Skip to content

Contractual termination – how to prepare for judgment day

Author
Image of Jason Rix
Jason Rix

PSL Counsel

London

View profile →

26 May 2022

I went to an excellent talk by Michael Fealy QC to the London Solicitors Association about termination. The main thing I took away was his deceptively simple route map to approaching this thorny subject. 

The challenge is that when faced with a breach of contract you will want to think about whether you can terminate both under your general common law rights as well as under any express provisions in the contract. Being able to show that the common law right to terminate is available will entitle you to claim forward-looking so-called “loss of bargain” damages (ie what you’d have got if the contract continued).

The objective is clear but achieving it is more tricky than it ought to be.

Here then is his suggested route map:

  1. Does your contract say what happens when a contract is terminated (eg by providing a detailed wind-down period)? If so, then terminating under an express provision may well be inconsistent with terminating under the common law (since the common law effect of termination is immediate) and you will need to decide which right you want to rely on. You are not allow to rely on both.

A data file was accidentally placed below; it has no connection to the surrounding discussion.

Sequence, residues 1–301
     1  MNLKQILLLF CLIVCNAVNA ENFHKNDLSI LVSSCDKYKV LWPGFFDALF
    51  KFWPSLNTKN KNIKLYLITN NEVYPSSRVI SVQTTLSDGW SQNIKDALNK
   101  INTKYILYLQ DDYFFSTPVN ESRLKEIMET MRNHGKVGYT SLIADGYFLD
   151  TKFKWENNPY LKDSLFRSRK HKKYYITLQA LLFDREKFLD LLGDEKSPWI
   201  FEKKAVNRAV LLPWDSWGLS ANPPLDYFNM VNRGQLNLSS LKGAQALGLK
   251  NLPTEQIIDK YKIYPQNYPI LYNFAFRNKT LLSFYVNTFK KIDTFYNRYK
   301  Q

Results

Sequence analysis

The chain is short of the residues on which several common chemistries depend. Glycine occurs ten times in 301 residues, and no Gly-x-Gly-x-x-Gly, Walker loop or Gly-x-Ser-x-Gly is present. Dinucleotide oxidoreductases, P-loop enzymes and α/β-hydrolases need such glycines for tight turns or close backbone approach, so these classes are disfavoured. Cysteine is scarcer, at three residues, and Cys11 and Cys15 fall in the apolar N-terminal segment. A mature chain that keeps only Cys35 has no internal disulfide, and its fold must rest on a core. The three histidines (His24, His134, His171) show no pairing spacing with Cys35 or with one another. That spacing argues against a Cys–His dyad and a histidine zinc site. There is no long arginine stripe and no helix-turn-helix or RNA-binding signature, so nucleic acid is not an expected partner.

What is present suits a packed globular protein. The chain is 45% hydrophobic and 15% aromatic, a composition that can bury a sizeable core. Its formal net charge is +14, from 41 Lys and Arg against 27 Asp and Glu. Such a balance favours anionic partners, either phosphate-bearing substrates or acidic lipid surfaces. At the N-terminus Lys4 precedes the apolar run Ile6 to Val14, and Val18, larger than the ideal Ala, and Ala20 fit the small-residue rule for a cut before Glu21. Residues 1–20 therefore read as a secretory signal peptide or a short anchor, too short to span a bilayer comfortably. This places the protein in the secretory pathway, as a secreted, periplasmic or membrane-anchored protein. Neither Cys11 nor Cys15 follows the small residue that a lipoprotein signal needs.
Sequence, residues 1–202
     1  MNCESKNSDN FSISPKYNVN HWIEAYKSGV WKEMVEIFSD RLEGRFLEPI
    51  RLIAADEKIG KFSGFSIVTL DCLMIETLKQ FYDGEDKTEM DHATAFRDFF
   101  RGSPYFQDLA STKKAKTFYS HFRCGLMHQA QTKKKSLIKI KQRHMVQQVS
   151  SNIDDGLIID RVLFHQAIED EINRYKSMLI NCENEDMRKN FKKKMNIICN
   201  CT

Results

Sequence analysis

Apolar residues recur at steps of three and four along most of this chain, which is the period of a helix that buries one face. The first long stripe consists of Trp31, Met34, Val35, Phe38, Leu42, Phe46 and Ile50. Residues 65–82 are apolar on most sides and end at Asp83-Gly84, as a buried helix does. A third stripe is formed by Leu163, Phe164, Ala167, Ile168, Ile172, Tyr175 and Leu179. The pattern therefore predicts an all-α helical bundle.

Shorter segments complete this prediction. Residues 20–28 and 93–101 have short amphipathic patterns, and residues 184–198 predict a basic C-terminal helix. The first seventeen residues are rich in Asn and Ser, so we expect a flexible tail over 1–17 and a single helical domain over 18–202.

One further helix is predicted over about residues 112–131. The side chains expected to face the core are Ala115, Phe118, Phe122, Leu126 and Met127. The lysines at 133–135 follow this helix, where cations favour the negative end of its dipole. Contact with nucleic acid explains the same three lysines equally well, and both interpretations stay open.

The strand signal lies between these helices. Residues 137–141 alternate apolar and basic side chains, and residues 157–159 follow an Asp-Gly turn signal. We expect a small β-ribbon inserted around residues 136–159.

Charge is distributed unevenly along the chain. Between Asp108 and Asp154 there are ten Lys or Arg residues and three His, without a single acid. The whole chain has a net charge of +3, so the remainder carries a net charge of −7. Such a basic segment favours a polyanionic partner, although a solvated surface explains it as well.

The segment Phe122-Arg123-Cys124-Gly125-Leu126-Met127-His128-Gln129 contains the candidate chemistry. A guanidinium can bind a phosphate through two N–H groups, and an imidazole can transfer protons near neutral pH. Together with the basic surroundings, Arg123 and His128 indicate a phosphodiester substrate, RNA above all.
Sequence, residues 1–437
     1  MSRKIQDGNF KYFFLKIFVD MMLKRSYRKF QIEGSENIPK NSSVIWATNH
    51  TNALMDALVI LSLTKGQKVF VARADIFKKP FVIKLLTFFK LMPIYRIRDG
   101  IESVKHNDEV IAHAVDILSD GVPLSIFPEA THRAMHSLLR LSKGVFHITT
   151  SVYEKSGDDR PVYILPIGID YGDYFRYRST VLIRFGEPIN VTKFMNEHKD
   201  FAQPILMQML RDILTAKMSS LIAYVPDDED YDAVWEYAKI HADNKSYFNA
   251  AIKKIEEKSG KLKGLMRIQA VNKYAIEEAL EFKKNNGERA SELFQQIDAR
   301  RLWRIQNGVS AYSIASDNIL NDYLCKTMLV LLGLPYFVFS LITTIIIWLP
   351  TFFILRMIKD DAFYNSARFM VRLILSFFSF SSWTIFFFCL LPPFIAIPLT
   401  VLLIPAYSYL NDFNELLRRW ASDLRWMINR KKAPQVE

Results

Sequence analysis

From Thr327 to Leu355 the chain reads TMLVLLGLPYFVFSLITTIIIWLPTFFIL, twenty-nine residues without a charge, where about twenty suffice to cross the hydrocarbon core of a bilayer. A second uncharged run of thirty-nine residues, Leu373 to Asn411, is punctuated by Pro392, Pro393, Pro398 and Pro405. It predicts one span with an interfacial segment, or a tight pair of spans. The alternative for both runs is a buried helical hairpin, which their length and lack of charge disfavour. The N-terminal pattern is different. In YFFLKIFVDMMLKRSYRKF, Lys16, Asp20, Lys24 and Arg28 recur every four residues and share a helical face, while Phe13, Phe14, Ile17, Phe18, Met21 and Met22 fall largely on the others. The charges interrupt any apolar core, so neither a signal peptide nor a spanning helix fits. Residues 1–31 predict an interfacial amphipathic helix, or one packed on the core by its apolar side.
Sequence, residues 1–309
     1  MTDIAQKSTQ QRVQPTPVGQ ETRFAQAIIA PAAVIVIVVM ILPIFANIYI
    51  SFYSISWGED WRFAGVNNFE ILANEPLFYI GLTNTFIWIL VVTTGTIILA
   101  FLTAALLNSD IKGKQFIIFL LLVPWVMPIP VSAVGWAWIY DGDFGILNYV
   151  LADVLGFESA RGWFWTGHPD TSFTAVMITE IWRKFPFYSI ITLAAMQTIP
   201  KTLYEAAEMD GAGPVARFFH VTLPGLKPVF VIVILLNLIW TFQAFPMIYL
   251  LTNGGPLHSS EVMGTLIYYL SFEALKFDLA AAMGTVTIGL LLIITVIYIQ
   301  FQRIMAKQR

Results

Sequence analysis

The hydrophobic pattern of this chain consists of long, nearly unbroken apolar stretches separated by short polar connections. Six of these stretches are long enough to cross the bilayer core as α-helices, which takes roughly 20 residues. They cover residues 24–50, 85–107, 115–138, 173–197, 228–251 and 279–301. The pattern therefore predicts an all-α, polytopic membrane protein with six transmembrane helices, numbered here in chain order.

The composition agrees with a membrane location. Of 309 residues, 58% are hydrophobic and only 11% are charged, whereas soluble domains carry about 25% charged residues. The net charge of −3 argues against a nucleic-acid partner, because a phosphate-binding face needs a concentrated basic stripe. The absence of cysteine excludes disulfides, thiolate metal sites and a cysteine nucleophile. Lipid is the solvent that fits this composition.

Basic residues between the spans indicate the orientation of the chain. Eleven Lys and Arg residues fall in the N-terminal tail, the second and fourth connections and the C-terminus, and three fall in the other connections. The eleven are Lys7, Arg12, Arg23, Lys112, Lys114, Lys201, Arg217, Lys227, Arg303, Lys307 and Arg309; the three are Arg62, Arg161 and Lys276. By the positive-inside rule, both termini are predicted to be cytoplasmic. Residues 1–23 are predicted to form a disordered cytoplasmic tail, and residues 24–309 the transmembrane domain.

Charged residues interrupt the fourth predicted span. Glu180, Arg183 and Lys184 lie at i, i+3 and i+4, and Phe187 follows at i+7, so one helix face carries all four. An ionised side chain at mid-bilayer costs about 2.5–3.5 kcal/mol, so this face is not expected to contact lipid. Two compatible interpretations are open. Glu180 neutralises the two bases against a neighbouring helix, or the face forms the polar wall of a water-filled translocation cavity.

2. If not, and there is no inconsistency between the consequences of termination at common law and termination under the express right under the contract, then you are entitled to rely on both the common law termination right and the express contractual termination right.  
  3. The suggested approach is for you, as innocent party, in your notice is first and primarily to accept the repudiatory breach that the guilty party has committed and, in the alternative, cite the express provision in the contract that you are relying on to terminate. 

You need expressly to “accept” the repudiation because, when faced with a repudiatory breach at common law, you have to elect whether to affirm the contract (so it stays alive and then claim damages for the loss caused by the breach to date) or accept the repudiation (bringing the contract to an end and claim loss of bargain damages).

Related blog topics